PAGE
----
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slapntickle



Joined: 07 Sep 2010
Posts: 264

PostPosted: Wed May 04, 2016 7:13 am    Post subject: Reply with quote

johncoan wrote:
I'm just disappointed that a forum that devotes itself ostensibly to TEFL (and could really do a lot of good in advising/warning teachers who are considering work in an unfamiliar place or school) is completely dead in its Spain section . . .


It's not just Spain that's dead, but other countries too. Maybe TEFL is on its last legs? It certainly seems that many teachers, myself included, are disillusioned with the whole TEFL thing. Maybe time to get out?
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johncoan



Joined: 02 Jul 2010
Posts: 115

PostPosted: Wed May 04, 2016 8:24 am    Post subject: Reply with quote

slapntickle wrote:
johncoan wrote:
I'm just disappointed that a forum that devotes itself ostensibly to TEFL (and could really do a lot of good in advising/warning teachers who are considering work in an unfamiliar place or school) is completely dead in its Spain section . . .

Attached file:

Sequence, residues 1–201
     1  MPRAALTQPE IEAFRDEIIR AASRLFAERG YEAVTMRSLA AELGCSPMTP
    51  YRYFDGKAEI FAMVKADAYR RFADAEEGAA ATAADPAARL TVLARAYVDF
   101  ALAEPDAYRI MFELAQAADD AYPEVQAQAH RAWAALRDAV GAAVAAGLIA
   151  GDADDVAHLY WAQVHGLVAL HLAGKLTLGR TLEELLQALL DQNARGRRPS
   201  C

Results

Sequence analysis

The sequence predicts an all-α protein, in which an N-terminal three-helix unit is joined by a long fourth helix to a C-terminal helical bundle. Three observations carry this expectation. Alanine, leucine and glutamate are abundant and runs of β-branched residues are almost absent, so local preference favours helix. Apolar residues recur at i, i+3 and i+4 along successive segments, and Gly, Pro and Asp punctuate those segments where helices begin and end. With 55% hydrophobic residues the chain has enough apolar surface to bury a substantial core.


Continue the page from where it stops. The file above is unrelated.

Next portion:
It's not just Spain that's dead, but other countries too. Maybe TEFL is on its last legs? It certainly seems that many teachers, myself included, are disillusioned with the whole TEFL thing. Maybe time to get out?


Not easy, tho', is it?

No, I'll plough on until death.
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slapntickle



Joined: 07 Sep 2010
Posts: 264

PostPosted: Thu May 05, 2016 3:38 am    Post subject: Reply with quote

johncoan wrote:
slapntickle wrote:
johncoan wrote:
I'm just disappointed that a forum that devotes itself ostensibly to TEFL (and could really do a lot of good in advising/warning teachers who are considering work in an unfamiliar place or school) is completely dead in its Spain section . . .


It's not just Spain that's dead, but other countries too. Maybe TEFL is on its last legs? It certainly seems that many teachers, myself included, are disillusioned with the whole TEFL thing. Maybe time to get out?


Not easy, tho', is it?

No, I'll plough on until death.


No, it isn't. TEFLers aren't exactly rich and our skills are limited so we find it difficult to move into other areas. There's always work out there, but it seems that it is becoming more competitive and wages are falling and expectations of what is to be done are rising. It used to be a cruise but now the bosses expect to extract every last drop of juice out of us and that takes the fun out of it all.